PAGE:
Ximenia americana

Invasive species Disclaimer

In view of the fact that some tree species are invasive, the world Agroforestry Center (ICRAF) has put in place a policy document on Invasive Alien Species, currently under draft available at Here.

For more information on this subject, please refer to
100 of the World's worst Invasive and Alien Species.

Species Index    A B C D E F G H I J K L M N O P Q R S T U V W X Y Z
Multiple Criteria Search

Abelmoschus moschatus
Acacia aneura
Acacia angustissima
Acacia aulacocarpa
Acacia auriculiformis
Acacia catechu
Acacia cincinnata
Acacia crassicarpa
Acacia elatior
Acacia erioloba
Acacia etbaica
Acacia ferruginea
Acacia glauca
Acacia holosericea
Acacia karroo*
Acacia koa
Acacia laeta
Acacia lahai
Acacia leptocarpa
Acacia leucophloea
Acacia mangium
Acacia mearnsii*
Acacia melanoxylon
Acacia mellifera
Acacia nilotica subsp nilotica
Acacia pachycarpa
Acacia pennatula
Acacia polyacantha ssp. polyacantha
Acacia saligna
Acacia senegal
Acacia seyal
Acacia sieberiana
Acacia tortilis
Acacia xanthophloea
Acrocarpus fraxinifolius
Adansonia digitata
Adenanthera pavonina
Aegle marmelos
Afzelia africana
Afzelia quanzensis
Agathis macrophylla
Agathis philippinensis
Ailanthus altissima
Ailanthus excelsa
Ailanthus triphysa
Albizia adianthifolia
Albizia amara
Albizia anthelmintica
Albizia chinensis
Albizia coriaria
Albizia ferruginea
Albizia gummifera
Albizia julibrissin
Albizia lebbeck
Albizia odoratissima
Albizia procera
Albizia saman
Albizia versicolor
Albizia zygia
Aleurites moluccana
Allanblackia floribunda
Allanblackia stuhlmannii
Allanblackia ulugurensis
Alnus acuminata
Alnus cordata
Alnus japonica
Alnus nepalensis
Alnus rubra
Alphitonia zizyphoides
Alstonia boonei
Alstonia congensis
Alstonia scholaris
Altingia excelsa
Anacardium occidentale
Andira inermis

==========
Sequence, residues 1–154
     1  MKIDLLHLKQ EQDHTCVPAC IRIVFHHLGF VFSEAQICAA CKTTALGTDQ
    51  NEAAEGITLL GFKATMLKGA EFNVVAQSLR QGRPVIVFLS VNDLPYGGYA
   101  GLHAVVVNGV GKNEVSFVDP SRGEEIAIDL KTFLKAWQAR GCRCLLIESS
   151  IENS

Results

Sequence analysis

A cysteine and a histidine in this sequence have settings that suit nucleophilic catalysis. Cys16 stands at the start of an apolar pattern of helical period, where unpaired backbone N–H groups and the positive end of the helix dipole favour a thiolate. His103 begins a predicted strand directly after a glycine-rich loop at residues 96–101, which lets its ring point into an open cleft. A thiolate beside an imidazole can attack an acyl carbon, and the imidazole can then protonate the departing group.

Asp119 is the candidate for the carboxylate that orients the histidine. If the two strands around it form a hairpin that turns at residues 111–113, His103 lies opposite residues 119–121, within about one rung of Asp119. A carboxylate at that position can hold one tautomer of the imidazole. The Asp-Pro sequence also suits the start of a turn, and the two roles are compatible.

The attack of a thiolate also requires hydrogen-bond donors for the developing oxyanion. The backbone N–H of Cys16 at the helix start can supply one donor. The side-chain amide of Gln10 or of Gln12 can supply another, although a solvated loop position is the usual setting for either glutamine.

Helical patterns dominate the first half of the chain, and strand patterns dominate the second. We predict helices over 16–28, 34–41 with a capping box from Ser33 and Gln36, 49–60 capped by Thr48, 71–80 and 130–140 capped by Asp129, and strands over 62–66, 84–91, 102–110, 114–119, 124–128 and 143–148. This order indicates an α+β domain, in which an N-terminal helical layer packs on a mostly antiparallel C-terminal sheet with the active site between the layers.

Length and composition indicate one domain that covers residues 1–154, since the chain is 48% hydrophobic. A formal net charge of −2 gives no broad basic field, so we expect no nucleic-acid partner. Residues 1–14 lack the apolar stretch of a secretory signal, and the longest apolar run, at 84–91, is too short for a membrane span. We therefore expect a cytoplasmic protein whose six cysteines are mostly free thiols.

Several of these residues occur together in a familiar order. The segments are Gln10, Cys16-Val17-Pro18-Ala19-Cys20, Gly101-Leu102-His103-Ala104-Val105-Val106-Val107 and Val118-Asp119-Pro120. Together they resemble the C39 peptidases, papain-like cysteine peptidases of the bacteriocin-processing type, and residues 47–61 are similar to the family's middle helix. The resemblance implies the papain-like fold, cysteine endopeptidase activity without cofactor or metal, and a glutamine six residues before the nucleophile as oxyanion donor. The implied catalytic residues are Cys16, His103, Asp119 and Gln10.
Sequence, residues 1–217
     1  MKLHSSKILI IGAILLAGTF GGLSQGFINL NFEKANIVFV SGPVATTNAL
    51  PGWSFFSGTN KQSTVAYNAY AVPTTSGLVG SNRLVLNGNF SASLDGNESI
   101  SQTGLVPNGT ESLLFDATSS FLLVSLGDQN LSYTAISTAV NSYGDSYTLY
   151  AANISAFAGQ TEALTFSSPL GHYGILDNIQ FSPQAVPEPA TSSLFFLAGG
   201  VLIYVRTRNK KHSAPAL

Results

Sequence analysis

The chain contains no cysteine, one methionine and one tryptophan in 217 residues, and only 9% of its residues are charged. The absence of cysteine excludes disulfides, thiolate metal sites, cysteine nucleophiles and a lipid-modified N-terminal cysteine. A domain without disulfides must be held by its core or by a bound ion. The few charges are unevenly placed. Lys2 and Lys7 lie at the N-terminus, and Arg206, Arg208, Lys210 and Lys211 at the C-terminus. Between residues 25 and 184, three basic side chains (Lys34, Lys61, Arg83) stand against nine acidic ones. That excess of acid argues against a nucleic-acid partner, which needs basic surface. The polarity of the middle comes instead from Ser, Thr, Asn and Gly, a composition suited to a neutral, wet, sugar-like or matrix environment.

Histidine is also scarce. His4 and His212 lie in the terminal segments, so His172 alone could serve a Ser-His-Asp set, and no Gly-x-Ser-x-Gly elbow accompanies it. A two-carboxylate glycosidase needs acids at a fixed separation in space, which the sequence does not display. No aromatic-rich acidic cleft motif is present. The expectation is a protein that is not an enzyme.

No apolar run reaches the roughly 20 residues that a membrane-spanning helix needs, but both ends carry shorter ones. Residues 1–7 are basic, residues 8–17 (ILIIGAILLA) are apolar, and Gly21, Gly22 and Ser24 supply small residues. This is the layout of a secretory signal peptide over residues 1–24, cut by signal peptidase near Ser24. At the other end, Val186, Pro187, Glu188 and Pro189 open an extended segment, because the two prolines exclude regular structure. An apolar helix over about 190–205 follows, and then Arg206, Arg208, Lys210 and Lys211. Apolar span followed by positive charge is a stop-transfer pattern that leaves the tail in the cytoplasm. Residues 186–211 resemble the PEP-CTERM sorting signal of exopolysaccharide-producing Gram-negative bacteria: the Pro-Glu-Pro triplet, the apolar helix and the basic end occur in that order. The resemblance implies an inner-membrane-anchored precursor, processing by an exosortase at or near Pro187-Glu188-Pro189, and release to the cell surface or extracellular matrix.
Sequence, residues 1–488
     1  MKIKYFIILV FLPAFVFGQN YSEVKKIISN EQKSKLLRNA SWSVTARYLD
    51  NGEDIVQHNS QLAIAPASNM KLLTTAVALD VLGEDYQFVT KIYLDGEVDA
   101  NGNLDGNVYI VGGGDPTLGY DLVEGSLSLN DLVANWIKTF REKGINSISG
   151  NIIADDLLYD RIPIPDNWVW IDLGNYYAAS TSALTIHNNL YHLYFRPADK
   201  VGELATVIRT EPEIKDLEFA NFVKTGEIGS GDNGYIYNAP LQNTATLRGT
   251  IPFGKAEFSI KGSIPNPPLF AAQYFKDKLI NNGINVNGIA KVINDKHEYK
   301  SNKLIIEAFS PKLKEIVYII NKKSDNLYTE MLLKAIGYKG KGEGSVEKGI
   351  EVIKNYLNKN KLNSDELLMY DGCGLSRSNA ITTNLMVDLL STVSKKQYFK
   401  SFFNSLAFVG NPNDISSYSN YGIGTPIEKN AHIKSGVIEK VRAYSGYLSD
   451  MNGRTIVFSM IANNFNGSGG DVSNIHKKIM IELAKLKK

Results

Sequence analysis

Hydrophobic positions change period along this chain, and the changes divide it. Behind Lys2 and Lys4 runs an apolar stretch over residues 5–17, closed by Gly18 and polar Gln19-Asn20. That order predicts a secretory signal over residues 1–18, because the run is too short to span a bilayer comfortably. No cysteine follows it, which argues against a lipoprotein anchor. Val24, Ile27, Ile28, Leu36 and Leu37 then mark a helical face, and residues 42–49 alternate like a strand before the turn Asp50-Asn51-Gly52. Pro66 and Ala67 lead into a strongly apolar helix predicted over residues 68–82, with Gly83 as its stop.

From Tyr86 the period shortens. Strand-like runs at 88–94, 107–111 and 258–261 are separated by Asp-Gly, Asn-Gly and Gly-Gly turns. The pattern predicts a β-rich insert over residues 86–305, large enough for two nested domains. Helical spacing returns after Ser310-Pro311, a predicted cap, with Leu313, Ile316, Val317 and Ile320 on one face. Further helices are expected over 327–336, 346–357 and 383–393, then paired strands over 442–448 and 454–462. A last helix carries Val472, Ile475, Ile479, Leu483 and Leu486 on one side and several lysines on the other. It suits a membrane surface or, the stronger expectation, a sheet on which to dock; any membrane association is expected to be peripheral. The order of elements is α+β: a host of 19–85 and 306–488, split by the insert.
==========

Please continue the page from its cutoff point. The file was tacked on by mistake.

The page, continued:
Annona cherimola
Annona muricata
Annona reticulata
Annona senegalensis
Annona squamosa
Anogeissus latifolia
Anthocephalus cadamba
Antiaris toxicaria
Antidesma bunius
Araucaria bidwillii
Araucaria cunninghamii
Arbutus unedo
Areca catechu
Arenga pinnata
Argania spinosa
Artemisia annua
Artocarpus altilis
Artocarpus camansi
Artocarpus heterophyllus
Artocarpus integer
Artocarpus lakoocha
Artocarpus mariannensis
Asimina triloba
Ateleia herbert-smithii
Aucomea klaineana
Averrhoa bilimbi
Averrhoa carambola
Azadirachta excelsa
Azadirachta indica
Azanza garckeana
Related Links
X. americana fruit and leaves.
© Anthony Simons
Ximenia americana slash
© Joris de Wolf, Patrick Van Damme, Diego Van Meersschaut
Ximenia americana foliage
© Joris de Wolf, Patrick Van Damme, Diego Van Meersschaut
Ximenia americana leaves and flowers
© Joris de Wolf, Patrick Van Damme, Diego Van Meersschaut
Ximenia americana fruit and foliage
© Patrick Maundu
Ximenia americana
© Boffa, Jean-Marc

Local names:
Afrikaans (kleinsuurpruim), Amharic (inkoy,kol), Arabic (kelto,abu khamira,humeid abiad,ankwi,abu khamier,medica), Bemba (mulebe), Bislama (terengi), English (hog plum,wild plum,false sandalwood,seaside plum,small sourplum,sour plum,tallow nut,tallow woo

Ximenia americana is a semi-scandent bush-forming shrub or small tree 2-7 m high. Trunk diameter seldom greater than 10 cm; bark dark brown to pale grey, smooth to scaly. The lax, usually divergent branching forms a rounded or conical crown. Branchlets purple-red with a waxy bloom and the tree usually armed with straight slender spines. Sometimes semi-parasitic with haustoria on the roots.

Leaves alternate, lanceolate to elliptic, 3-8 to 1.5-4 cm, variable thickness (semi-succulent to thin); obtuse or emarginate, 3-7 pairs veins, inconspicuous. Petioles short, slender, up to 6 mm long, canaliculate. Grey-green, hairless and leathery or thin flesh. When crushed, young leaves smell of bitter almonds.

The fragrant white, yellow-green or pink flowers occur in branched inflorescences borne on shortly pedunculate axillary racemes or umbels; pedicles 3-7 mm long, both peduncles or pedicles glabrous.